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text 2017-09-04 01:46
Family Fun

So we had family night on Friday and decided on Movie Tavern.  For anyone who's unsure what that is, it's basically a movie theater where you can order dinner, dessert, snacks, drinks to your seat throughout the movie.  It's fab! 


So we went to see the Hitman's Bodyguard--which was not at all what I expected--but was a great movie.  We got there early to stroll around and check out the shops and of course  we ended up at a book shop.  I have no will power.  I ended up with a book and got one for my daughter (partly because I want to read it too, lol!)


I just love indie bookstores!


Oddly enough I saw a physical copy of a book that's been on my 'maybe' list for the first time ever.


Then I found a new book for my 'maybe' list because the cover called out to the 80s kid in me.


And of course I didn't leave without making a purchase!  


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url 2017-04-23 22:02
15 Bookstores That Every Reading Addict Should Know About

Bookstores have always had the status of a sort of intellectual Mecca.

What people often forget about them though, is that they can also be incredibly cool places to visit.


The world is littered with bookstores that deserve a place on any travel checklist, whether you’re an avid reader or not.


Shakespeare and Company

Source: www.thewritersacademy.co.uk/blog/best-bookstores
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review 2017-02-10 03:49
Footnotes from the World's Greatest Bookstores
Footnotes from the World's Greatest Bookstores: True Tales and Lost Moments from Book Buyers, Booksellers, and Book Lovers - Garrison Keillor,Bob Eckstein

The author and illustrator, inspired by an assignment for The New Yorker, chose 75 independent bookstores from around the world and painted a watercolour of each storefront.  Superimposed on these illustrations are quotes or stories about each shop, told by the owner, an employee, or a customer.  Some have a definite 'wow' factor, some are sweet, some are funny.  At the back of the book are a collection of stories that didn't fit into the book but couldn't be left out.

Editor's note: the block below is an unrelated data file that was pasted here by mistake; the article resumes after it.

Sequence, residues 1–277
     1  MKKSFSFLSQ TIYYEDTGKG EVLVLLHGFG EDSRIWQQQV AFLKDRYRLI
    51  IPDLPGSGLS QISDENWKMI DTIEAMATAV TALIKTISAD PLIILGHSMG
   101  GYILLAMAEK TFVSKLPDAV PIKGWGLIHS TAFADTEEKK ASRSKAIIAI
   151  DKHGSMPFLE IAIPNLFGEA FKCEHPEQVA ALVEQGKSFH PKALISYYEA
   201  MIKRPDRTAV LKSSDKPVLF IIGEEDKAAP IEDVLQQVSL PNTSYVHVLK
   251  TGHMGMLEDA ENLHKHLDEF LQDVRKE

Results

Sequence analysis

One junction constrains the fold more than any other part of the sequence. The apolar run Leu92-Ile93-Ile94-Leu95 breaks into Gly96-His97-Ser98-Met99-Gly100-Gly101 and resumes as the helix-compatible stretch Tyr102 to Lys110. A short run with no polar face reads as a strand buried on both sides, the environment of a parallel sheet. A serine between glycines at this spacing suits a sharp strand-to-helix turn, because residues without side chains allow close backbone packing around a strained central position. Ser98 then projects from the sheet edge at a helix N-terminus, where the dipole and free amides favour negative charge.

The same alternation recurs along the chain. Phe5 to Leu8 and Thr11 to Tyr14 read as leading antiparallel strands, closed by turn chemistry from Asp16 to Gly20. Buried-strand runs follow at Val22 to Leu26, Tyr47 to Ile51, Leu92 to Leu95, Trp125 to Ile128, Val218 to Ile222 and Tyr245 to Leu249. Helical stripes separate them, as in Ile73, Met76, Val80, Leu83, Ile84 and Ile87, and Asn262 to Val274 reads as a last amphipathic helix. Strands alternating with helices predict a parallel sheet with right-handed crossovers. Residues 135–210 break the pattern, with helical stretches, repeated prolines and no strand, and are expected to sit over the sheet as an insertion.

All of them reaffirm my desire to own a bookshop someday. 



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text 2016-10-12 22:30
Paris Bookshops - Part Deux

Okay, I'm the first to admit that Pays de Poche may technically not be a bookstore ... more of a artisan gift shop, but I'm including it here anyway because as we were strolling along Rue Galande a "book" in the window caught my eye and begged me to go in and browse a little bit.


What a treasure this little shop turned out to be.  Filled with whimsical figures that looked hand carved, beautiful jewellery (of which I had forbidden myself to buy on this trip because I'm far too attracted to bright, shiny things), stained glass and unique gift items of every description.  I wanted to take more pics but was politely asked not to take pics inside the store.  I could certainly understand the request because their inventory was so unique.  I'm sure many of the items were "one of a kind" finds.  Alas, if the proprietor had realized how "uncrafty" I am and that I wasn't trying to steal ideas he might have given me the go ahead.



The book that caught my eye in the window?  It looked like a grimoire that might start speaking to me at any moment.  Truthfully, although the inside pages were blank, I'm not too sure what it might be used for besides a conversation piece.  I was quite enamored but with an 89 Euro price tag it seemed a bit much to pick up on a whim.



These two were inside the store and I snapped the pic before I was asked not to take pictures.



Note of interest:  When I asked Google to translate "Pays de Poche" it gave me "Pocket Countries" ... a little disappointing so I am convinced that somehow it means something much more whimsical.


An honorable mention goes to this little store.  Unfortunately I didn't take a picture of the store's name and have no idea where it was located in our many walks but the display window caught my attention - as it should.  The books were held up in, what seemed to me, quite a charming, old fashioned way ... thumbtacks with string holding the books in place.